Baseball Players

Wally Yonamine: Sportsman who fought prejudice in two sports and in

Wally Yonamine was a sportsman whose career forced him to face prejudice in two separate sports, on two separate continents, and for opposite reasons. In 1947, playing American football for the San Francisco 49ers, the first Japanese-American in the professional game, he faced considerable resentment resulting from the recently-ended war against Japan. And as the first foreigner to play baseball in the Japanese major leagues, he was referred to as the "Japanese Jackie Robinson", after the black star who integrated American baseball, and faced a similar onslaught of racial abuse and harsh treatment.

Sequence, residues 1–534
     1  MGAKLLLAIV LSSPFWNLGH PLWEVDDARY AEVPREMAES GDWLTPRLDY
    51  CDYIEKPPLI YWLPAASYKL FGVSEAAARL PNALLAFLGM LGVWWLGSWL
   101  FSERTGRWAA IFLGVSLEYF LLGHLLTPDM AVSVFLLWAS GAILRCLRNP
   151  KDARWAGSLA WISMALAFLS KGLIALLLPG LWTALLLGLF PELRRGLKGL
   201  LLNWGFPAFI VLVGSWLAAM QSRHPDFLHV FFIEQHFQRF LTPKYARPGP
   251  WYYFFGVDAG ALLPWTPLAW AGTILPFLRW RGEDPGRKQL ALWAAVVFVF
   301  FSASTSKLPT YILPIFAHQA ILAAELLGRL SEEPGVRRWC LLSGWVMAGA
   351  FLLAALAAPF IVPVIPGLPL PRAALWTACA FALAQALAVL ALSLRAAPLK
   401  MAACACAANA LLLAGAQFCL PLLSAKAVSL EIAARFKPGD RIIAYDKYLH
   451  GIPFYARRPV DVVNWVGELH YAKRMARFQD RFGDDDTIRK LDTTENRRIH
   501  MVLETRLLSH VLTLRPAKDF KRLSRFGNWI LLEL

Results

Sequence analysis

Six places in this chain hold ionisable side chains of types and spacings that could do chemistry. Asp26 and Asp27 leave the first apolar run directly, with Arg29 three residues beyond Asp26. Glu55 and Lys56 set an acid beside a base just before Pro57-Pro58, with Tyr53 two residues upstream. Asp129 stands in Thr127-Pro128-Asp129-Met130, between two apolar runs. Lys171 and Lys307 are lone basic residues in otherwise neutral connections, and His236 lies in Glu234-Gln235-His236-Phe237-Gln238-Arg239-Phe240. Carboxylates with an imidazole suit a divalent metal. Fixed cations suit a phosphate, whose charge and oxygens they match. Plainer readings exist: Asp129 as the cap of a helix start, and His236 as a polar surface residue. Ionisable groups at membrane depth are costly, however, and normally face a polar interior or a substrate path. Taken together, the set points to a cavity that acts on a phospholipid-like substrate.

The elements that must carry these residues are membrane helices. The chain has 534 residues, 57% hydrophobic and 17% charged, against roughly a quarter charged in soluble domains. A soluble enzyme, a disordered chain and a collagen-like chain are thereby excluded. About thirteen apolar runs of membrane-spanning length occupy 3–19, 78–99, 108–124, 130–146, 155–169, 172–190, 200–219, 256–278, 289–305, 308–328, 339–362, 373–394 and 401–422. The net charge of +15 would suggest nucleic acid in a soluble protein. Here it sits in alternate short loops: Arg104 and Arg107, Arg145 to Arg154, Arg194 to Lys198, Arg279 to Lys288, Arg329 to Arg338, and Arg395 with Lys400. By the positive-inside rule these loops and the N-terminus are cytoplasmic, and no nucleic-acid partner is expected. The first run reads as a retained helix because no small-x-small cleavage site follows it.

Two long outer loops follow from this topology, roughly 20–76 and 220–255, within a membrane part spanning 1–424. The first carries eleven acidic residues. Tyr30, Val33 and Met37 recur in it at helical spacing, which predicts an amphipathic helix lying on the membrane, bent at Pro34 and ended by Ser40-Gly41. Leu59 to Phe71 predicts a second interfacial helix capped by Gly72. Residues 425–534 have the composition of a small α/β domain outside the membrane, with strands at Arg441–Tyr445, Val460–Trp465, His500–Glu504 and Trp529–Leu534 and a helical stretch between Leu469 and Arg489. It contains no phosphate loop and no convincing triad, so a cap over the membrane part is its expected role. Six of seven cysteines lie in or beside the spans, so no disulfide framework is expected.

'You don't have to die before you're dead'

Acclaimed historian Tony Judt continues to produce books in spite of suffering from a condition that has left him paralysed from the neck down. He talks to Stephen Foley

It's PC gone mad! How did taking offence become a national obsession?

I'm sorry. I'm very sorry, but I don't accept those bankers' apologies. I found them offensive. A preening pack of middle-aged white men in suits, parroting the instructions of their PR advisers. Utterly insincere. An apology was not enough. A heart attack would have been better. One each. Or a stroke, just like the new NHS advertisements: face droops, arms fall limply by the side, meaningless drivel issues from the mouth, and their head catches fire.

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